Heat pumps also provide opportunities to recover waste heat. China has systematically promoted waste heat recovery in industrial sectors like cement, and has other waste heat resources with temperatures below 50 °C which could be exploited by integrating large-scale heat pumps in district heating systems and industrial clusters. Nearly 20 EJ of waste heat from thermal power plants, industries, data centres and wastewater plants will be available by 2050, two thirds of which would be suitable for heat pump integration – corresponding to a heat pump capacity of 650 GW, 20 times the potential within light industries. Currently, small industrial players find it particularly challenging to develop an economic case for implementing waste heat recovery strategies and effectively co-ordinating with other thermal users and producers to identify opportunities to connect to common district heating networks. Government action to overcome these barriers will be key to exploit further the waste heat recovery potential. 

Heat pump deployment must go hand in hand with the decarbonisation of electricity grids

Decentralised heat pumps account for around 30% of direct emissions reductions for heating in buildings in China in the APS to 2050. Direct emissions for heating in buildings are reduced to 70 Mt CO2 in 2050, down from 290 Mt CO2 in 2022, thanks to greater efforts on electrification and energy efficiency. A switch to heat pumps and phase-out of coal and traditional biomass for heating could also substantially reduce local air pollutants, cutting PM2.5 emissions from residential heating by nearly 80% by 2030. In light industries, direct emissions from heating are reduced from over 110 Mt CO2 today to less than 10 Mt CO2 in 2050 in the APS. Electrification accounts for two-thirds of emissions reductions for heating in light industries by 2050, of which one-third results from heat pumps.

Annual emissions from a heat pump installed in China are on average already more than 30% lower today than those from a gas boiler when taking into account both direct and indirect emissions. In the APS, indirect emissions from power generation decrease by over 40% by 2030, mainly due to the increased deployment of solar, wind and nuclear power. By the same year, annual emissions from heat pumps are nearly 60% lower than a gas boiler. While increased deployment of heat pumps inevitably increases electricity demand, their peak load impact is two times smaller than that of electric appliances in buildings in the APS in 2030.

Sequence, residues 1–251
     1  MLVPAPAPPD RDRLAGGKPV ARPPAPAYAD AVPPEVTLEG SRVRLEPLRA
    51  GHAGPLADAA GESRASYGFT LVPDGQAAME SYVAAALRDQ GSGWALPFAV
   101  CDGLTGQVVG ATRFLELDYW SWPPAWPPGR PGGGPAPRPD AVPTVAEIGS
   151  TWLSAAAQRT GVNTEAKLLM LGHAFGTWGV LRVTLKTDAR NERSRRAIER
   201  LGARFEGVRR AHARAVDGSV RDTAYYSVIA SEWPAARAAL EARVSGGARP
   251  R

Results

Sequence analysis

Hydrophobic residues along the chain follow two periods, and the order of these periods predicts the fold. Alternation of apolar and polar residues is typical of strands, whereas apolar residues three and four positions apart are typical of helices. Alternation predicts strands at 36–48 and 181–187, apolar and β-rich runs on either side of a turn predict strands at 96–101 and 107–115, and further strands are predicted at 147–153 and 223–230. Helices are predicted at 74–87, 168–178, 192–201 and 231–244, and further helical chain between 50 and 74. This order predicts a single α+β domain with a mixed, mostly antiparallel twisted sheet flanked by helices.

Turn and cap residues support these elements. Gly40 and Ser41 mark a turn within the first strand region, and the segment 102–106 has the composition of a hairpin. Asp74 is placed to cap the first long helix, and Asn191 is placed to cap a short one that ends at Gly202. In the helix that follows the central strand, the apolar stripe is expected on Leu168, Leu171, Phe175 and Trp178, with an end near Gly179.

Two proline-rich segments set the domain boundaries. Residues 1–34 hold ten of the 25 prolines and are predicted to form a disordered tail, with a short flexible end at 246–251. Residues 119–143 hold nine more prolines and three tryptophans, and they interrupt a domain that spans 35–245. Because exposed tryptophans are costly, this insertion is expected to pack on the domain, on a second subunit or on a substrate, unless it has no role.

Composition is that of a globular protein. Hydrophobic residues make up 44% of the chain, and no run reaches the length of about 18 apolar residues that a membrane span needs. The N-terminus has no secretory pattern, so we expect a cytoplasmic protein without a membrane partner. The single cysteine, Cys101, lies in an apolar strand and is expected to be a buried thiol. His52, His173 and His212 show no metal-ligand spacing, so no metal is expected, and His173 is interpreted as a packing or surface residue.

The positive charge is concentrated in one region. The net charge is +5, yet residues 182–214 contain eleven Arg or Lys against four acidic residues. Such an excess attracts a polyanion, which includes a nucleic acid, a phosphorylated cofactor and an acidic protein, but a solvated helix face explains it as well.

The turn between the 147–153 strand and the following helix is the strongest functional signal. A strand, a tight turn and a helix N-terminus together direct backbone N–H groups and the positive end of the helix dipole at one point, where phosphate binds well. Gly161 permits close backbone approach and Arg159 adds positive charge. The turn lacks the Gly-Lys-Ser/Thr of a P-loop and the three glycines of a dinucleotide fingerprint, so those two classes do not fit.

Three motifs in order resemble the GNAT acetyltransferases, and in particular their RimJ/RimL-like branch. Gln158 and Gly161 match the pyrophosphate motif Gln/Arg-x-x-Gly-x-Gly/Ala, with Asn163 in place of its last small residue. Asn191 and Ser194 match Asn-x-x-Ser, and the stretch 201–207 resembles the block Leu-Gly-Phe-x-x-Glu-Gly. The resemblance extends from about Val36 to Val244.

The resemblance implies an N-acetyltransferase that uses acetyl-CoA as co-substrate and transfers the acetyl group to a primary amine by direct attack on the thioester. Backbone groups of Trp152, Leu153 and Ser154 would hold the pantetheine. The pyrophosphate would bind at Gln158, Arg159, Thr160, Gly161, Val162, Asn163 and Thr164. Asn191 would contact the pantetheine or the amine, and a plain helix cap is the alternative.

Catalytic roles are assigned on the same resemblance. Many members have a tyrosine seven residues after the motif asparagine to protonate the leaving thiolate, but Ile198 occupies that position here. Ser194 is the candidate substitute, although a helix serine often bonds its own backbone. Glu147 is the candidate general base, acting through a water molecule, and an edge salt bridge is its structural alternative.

Expanding the deployment of heat pumps creates growth and employment along the supply chain

China is the largest manufacturer of decentralised heat pumps for buildings and could quickly ramp up production to support further growth. China is a global leader for heat pump technology innovation and manufacturing, and produced around 35% of all heat pumps sold worldwide in 2022. More than 300 000 people are currently employed in China’s heat pump sector, and numbers are set to double by 2050 in the APS. This is likely to create a need for vocational training and upskilling of practitioners such as heat pump installers.

Heat pump manufacturing capacity per region, 2022


In the APS, investment needs in industry and buildings continue to rise to accelerate the deployment of heat pumps. In buildings, annual investments need to triple to USD 30 billion (CNY 200 billion) in 2030 and to almost quadruple by 2050, equivalent to investments in wind power in the European Union and the United States combined in 2022. In the light industry sector, scaling up large-scale heat pump capacity to 30 GW in the APS by 2050 would require around USD 20 billion (CNY 140 billion). For comparison, Chinese light industries spent an equivalent amount on natural gas for heating in 2022.